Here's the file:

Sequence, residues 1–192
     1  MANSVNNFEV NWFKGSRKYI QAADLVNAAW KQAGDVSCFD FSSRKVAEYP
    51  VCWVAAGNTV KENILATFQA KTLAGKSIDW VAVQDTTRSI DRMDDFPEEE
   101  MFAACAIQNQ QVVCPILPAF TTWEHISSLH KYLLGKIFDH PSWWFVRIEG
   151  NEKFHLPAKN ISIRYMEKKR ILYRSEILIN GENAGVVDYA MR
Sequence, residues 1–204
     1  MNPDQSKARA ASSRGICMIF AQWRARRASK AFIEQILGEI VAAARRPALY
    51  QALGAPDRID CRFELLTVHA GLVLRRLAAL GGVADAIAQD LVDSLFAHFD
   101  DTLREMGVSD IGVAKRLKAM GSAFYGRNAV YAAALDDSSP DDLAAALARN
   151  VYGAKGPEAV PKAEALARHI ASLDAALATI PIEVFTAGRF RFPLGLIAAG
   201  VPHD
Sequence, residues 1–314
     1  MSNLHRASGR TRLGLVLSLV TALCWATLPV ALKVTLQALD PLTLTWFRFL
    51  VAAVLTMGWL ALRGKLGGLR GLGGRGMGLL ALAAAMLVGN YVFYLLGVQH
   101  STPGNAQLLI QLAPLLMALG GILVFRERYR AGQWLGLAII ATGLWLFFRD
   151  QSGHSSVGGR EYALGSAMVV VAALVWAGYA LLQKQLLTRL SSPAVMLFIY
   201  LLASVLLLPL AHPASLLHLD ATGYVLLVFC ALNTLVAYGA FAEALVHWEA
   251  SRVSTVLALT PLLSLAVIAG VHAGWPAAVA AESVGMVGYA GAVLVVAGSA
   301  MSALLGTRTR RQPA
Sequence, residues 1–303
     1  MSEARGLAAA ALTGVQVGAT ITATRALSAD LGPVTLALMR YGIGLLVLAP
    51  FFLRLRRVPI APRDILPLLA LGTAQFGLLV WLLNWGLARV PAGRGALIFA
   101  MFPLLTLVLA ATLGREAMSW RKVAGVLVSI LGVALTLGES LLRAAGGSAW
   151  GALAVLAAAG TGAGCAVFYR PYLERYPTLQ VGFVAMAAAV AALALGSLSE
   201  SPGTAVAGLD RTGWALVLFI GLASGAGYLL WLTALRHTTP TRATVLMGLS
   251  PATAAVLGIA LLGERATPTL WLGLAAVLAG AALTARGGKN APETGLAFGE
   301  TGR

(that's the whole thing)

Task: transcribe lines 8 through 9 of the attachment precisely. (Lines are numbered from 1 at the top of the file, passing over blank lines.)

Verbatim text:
    51  QALGAPDRID CRFELLTVHA GLVLRRLAAL GGVADAIAQD LVDSLFAHFD
   101  DTLREMGVSD IGVAKRLKAM GSAFYGRNAV YAAALDDSSP DDLAAALARN